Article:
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Crime, Law and Social Change

, Volume 57, Issue 2, pp 129–149 | Cite as

Assessing network patterns in illegal firearm markets

  • Carlo MorselliEmail author
Article

Abstract

This study presents the results from a qualitative survey of 20 incarcerated and nonincarcerated illicit firearm market consumers in Quebec. Its general aim is to identify key acquisition patterns for illegal firearms. The interview sessions confirmed several general patterns emerging from past research. Illegal firearm acquisitions generally took place through informal channels. Opportunistic transactions were prevalent across all respondents’ experiences. The presence of key point sources were discussed across the interviews, but to a much lesser extent than the high volume of friends, family members, and close contacts who were more likely to supply firearms. Point sources, and particularly those operating off Native reserves near Montreal, were also more difficult to access for inexperienced acquirers. That such reputed suppliers were not as prevalent across respondents’ experiences was not simply due to the difficulties to access them, but largely because respondents were already well exposed to a variety of channels for acquiring firearms. An analysis of respondents’ personal networks revealed that only a few respondents had closed networks that were limited in suppliers and that most were able to acquire illegal firearms through open or brokered networks that put them into contact with a multitude of suppliers (in open networks) or a reliable set of intermediaries (in brokered networks). This was the case for both free and incarcerated respondents in the sample. That open and brokered networks were more prominent suggests that even if key point sources are removed from the market by law-enforcement efforts, consumers will be able to adjust rather quickly by turning to any of the channels that are accessible to them.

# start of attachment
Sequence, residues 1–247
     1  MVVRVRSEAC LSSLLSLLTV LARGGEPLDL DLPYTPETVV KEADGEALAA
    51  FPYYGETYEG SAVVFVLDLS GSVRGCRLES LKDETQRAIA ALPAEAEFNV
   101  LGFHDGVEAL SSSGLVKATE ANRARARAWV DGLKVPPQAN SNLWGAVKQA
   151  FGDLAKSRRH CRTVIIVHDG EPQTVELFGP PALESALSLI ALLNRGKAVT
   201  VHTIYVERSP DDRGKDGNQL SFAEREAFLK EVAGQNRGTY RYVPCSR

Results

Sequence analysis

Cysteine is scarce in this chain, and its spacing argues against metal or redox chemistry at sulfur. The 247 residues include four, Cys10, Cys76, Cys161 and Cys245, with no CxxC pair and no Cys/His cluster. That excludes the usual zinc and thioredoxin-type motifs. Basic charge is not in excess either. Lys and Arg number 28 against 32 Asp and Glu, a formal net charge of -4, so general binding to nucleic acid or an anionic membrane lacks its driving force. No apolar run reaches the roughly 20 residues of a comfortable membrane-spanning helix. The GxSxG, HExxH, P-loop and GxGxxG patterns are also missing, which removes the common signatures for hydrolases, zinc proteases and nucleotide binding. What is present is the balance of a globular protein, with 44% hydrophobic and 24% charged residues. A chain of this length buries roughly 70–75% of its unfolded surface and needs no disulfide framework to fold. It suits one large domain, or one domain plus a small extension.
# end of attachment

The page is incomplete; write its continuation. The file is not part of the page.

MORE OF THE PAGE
Keywords

Personal Network Juvenile Offender Structural Hole Closed Network Illegal Market 
These keywords were added by machine and not by the authors. This process is experimental and the keywords may be updated as the learning algorithm improves.

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Copyright information

© Springer Science+Business Media B.V. 2011

Authors and Affiliations

  1. 1.School of CriminologyUniversité de MontréalMontrealCanada

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